The Morphology and Optical Properties of Organic Molecules and Heterostructures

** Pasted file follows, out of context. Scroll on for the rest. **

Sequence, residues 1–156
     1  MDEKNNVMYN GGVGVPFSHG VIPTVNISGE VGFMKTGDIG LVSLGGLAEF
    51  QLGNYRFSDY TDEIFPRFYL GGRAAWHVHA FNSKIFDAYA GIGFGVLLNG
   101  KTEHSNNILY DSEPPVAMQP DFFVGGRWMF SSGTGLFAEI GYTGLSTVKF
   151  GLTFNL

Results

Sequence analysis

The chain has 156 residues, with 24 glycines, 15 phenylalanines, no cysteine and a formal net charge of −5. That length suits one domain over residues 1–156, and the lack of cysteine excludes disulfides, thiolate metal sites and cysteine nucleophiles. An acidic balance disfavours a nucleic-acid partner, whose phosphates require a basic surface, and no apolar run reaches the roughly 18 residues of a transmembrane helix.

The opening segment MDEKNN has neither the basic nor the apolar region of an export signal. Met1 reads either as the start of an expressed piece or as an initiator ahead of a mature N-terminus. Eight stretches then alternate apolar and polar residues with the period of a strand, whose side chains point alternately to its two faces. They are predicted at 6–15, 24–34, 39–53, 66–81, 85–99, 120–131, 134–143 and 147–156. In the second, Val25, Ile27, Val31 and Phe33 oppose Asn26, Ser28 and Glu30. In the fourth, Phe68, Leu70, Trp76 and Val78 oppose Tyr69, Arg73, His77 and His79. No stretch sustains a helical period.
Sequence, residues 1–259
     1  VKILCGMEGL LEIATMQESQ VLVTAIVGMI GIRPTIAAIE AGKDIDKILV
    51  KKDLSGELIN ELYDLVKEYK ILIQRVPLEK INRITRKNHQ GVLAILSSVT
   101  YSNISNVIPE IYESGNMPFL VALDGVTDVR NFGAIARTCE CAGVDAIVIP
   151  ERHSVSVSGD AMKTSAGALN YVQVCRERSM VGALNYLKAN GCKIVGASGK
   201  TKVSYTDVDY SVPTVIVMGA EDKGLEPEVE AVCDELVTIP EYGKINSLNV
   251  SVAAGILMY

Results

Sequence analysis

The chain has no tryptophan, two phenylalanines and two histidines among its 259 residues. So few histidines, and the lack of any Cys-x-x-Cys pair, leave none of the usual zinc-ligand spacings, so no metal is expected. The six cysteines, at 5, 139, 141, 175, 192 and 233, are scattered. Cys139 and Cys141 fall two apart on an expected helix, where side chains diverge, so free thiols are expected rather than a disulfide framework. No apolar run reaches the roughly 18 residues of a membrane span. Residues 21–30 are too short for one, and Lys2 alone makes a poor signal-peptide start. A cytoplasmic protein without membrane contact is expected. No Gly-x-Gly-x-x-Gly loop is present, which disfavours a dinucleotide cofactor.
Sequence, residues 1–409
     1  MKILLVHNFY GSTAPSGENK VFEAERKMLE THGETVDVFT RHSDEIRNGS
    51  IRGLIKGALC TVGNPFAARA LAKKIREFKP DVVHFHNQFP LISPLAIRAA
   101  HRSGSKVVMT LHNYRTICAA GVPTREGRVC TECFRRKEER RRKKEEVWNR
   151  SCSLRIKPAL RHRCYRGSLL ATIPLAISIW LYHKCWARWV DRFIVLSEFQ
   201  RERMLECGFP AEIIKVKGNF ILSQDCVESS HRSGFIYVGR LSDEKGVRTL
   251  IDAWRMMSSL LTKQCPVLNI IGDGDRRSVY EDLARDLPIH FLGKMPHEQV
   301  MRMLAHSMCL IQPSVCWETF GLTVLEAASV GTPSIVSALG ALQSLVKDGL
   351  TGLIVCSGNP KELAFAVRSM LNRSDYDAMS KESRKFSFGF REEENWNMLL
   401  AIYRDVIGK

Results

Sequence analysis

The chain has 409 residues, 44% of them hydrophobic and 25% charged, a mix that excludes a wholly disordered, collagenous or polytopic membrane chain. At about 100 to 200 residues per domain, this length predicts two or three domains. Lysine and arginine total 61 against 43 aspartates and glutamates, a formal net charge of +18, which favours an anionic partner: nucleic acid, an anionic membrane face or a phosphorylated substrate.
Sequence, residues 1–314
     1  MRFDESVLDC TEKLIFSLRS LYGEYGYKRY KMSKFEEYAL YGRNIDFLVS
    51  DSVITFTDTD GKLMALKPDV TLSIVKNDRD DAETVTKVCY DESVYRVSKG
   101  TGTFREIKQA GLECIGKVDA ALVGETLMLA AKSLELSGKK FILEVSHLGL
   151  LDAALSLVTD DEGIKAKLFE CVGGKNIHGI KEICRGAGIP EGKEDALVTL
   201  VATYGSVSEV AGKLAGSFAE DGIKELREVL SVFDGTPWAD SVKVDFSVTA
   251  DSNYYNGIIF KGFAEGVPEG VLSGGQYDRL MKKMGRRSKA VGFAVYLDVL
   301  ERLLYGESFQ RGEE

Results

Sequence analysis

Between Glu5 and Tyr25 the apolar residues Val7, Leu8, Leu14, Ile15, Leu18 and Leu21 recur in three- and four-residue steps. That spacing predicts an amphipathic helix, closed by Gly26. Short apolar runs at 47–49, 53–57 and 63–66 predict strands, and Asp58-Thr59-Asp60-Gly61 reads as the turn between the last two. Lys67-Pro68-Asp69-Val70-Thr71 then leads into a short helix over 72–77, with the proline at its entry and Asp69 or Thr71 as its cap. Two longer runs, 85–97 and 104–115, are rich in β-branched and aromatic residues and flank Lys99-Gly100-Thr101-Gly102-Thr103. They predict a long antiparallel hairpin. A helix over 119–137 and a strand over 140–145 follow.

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By growing optically active small organic molecules on insulating substrates, the interplay between their optical properties and structural control imposed by molecular self-assembly and the formation of molecular heterostructures can be explored. Controlling the arrangement of molecules within nano-structures is of great interest as a means to develop materials with novel optical and electronic properties. The first part of this body of work deals with the case of the self-assembly of free-base phthalocyanine (H2Pc) monolayers on hBN. Needle-like islands were found to arrange on the surface with orientations reflecting the symmetry of the underlying hBN lattice, which has three axes of rotational symmetry. The unit cell of this organic monolayer was extracted from high resolution AFM images and found to be aPc= bPc= 2.2 ± 0.03 nm and aPc= bPc= 2.18 ± 0.05 nm for room temperature and higher substrate temperature growth respectively. These lattice vectors were also found to be subtended by an angle θ= 86◦. The vibrationless optical transition (0-0) of H2Pc monolayers adsorbed on hBN (1.879 eV) was measured using steady state photoluminecence, and was found to be red shifted by ∆E= 0.13 eV. The ZnPc molecule was also investigated, and was found to form islands with a height (0.6 ± 0.1 nm), consistent with molecules adsorbed in a non-planar geometry. Fluorescence spectroscopy was carried out on the ZnPc layers on hBN, with a peak observed at 1.82 eV. The growth of NTCDI on hBN, resulted in the formation of anisotropic monolayer islands with height of 0.3 ± 0.1 nm. As the substrate temperature was increased, the size of islands was found to increase, and the island morphology changes to a lily- pad shape for further increased in temperature growth. Upon a description of the growth of NTCDI films, the formation of heterostructures produced by sequential deposition of PTCDI/NTCDI, and NTCDI/PTCDI on hBN/SiO2 was then discussed. Heterostructures of thick hBN flakes and monolayers of PTCDI were formed using mechanical flake transfer. The change in properties of the encapsulated material was explored with photoluminescence (PL). This simple case of PTCDI encapsulated by hBN approach offers numerous opportunities to fabricate technologically relevant devices, such systems offer many opportunities to fabricate electronic devices where structure can be imposed on the molecular and monolayer thickness length scales in the in-plane and out-of-plane directions respectively. Finally, the self-assembly of PCDA molecules on hBN and HOPG surfaces was carried out using different solvents and different concentrations. Highly ordered islands grown on these surfaces were observed using AFM. The self-assembled molecules on hBN were exposed to UV light (245 nm), and the light induced polymerisation of these was discussed. The intensity of the PL response increased as a result of increasing the exposure time.